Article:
Basically, respondent contends that the section 72 petition failed to state grounds for relief and petitioner's claim that the order of May 24, 1968, was void is without merit. The respondent contends that the special blood testing procedures followed in the instant case had to be adopted for the taking of the Michigan residents' blood, and arrangements were necessary to deliver the blood test results so that those results might be interpreted. Respondent states, "The State's Attorney, representing the plaintiff, recommended to the court the procedures finally adopted. A method of reporting the results was also adopted. The Associate Director of the Michael Reese Research Foundation prepared and sent a report, excluding the defendant as a possible father, directly to the trial court, with copies being forwarded to the State's Attorneys in both Illinois and Michigan and to both parties' counsel. Defendant willingly and explicitly followed the procedures outlined by the State's Attorney. Either of the parties could have requested the presence of the experts in court to testify and to subject themselves to cross-examination. But neither party chose to do so."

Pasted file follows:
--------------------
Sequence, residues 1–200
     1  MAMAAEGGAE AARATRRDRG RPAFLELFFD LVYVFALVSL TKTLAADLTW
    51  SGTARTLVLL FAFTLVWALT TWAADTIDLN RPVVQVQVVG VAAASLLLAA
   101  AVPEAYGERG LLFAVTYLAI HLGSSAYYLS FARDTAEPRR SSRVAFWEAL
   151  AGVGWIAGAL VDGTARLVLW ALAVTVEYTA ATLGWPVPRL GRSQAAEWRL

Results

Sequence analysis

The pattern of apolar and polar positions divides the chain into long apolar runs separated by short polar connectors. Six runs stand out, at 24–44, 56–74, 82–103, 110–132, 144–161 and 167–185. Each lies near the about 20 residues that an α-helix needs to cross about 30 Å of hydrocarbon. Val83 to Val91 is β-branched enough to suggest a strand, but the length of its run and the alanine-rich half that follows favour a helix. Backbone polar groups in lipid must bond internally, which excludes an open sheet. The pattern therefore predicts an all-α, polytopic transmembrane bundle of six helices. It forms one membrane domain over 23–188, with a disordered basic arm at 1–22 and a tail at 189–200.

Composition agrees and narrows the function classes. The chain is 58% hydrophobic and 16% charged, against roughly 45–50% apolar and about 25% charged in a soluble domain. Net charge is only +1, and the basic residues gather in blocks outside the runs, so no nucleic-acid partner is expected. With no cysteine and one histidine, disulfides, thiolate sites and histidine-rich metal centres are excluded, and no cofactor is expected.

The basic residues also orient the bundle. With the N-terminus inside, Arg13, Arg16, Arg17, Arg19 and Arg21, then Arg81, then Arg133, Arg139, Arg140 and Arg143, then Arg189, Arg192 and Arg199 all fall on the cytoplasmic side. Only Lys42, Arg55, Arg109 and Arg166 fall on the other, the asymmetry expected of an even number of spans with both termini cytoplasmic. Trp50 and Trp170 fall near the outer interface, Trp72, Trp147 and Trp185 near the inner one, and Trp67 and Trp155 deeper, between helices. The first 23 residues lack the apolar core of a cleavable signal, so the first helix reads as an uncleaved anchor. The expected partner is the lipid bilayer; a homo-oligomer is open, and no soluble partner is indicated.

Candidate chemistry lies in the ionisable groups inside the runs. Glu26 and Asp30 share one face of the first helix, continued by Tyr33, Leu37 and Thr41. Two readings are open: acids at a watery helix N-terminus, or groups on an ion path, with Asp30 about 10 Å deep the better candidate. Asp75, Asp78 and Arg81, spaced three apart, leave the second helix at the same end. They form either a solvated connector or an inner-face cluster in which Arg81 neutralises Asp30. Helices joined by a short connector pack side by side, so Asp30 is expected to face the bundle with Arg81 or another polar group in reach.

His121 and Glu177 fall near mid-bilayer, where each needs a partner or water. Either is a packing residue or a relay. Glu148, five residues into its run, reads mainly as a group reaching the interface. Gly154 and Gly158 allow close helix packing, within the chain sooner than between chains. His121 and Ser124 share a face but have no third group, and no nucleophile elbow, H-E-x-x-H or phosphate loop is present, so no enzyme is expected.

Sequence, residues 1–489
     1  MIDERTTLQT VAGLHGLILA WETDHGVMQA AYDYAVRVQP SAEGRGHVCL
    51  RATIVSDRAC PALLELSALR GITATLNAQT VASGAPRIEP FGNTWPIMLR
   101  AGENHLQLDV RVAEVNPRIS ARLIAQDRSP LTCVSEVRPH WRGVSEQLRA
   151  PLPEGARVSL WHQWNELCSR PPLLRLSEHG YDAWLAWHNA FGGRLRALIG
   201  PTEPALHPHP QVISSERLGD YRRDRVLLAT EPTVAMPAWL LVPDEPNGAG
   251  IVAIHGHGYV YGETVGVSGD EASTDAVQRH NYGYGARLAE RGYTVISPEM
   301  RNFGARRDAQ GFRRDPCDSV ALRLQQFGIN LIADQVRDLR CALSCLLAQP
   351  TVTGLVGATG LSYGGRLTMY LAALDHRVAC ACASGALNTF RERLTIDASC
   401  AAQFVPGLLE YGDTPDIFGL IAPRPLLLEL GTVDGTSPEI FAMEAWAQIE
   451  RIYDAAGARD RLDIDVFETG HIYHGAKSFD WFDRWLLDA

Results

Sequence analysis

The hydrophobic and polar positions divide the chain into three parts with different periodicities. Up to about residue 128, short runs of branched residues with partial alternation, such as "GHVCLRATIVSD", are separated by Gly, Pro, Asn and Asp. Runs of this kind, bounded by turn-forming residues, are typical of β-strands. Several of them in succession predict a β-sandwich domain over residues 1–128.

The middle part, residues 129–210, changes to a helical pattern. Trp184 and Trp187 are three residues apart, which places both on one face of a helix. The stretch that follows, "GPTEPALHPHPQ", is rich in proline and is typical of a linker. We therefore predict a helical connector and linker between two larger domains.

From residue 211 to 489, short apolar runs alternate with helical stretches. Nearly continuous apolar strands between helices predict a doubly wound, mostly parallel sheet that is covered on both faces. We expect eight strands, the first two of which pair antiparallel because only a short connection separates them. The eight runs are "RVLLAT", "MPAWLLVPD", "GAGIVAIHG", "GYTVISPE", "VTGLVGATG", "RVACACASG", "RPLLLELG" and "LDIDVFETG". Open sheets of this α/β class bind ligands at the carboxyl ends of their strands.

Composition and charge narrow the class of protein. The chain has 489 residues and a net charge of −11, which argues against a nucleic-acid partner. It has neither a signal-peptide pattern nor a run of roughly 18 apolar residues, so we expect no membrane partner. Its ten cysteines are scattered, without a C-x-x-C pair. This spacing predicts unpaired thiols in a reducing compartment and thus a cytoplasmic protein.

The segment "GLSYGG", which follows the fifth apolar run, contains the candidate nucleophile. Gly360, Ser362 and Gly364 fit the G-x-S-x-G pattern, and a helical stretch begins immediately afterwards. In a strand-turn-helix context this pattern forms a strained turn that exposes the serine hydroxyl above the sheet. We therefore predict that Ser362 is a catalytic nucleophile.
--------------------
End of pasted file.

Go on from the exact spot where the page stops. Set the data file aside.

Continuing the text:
We have examined the section 72 authorities cited by respondent and do not believe a discussion of these cases is necessary here in view of our concept of the determinative factors. We agree with respondent that section 72 is not intended to relieve a litigant from the consequences of his own negligence, and this includes incompetency of counsel. (Antczak v. Antczak, 61 Ill. App.2d 404, 209 N.E.2d 838 (1965).) We believe this case calls for the application of the guidelines set forth in Elfman v. Evanston Bus Co., 27 Ill.2d 609, 190 N.E.2d 348 (1963), and McLaughlin v. McLaughlin, 83 Ill. App.2d 160, 226 N.E.2d 406 (1967). In Elfman, it is said (p 615):